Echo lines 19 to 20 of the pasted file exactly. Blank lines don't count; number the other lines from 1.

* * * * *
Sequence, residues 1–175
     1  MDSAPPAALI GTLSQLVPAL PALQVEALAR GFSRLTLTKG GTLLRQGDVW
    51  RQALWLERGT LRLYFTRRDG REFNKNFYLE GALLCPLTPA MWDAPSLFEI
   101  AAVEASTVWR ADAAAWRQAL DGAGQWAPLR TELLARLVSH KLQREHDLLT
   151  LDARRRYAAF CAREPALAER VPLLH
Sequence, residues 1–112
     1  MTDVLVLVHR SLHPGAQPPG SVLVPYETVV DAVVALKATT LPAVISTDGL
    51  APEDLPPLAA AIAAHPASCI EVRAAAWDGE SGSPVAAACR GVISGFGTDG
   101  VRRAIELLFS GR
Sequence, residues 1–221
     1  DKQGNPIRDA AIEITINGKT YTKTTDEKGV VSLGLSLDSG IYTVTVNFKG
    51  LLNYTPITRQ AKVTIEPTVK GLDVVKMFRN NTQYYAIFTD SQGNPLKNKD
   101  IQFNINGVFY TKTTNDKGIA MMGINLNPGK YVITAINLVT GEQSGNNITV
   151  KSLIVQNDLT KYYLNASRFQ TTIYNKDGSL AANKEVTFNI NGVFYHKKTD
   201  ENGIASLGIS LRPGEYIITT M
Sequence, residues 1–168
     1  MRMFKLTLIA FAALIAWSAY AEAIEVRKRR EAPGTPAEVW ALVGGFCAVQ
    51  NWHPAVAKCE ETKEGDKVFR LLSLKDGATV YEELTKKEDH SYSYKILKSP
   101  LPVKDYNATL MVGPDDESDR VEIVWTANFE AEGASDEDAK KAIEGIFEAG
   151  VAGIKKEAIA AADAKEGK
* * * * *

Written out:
   101  LPVKDYNATL MVGPDDESDR VEIVWTANFE AEGASDEDAK KAIEGIFEAG
   151  VAGIKKEAIA AADAKEGK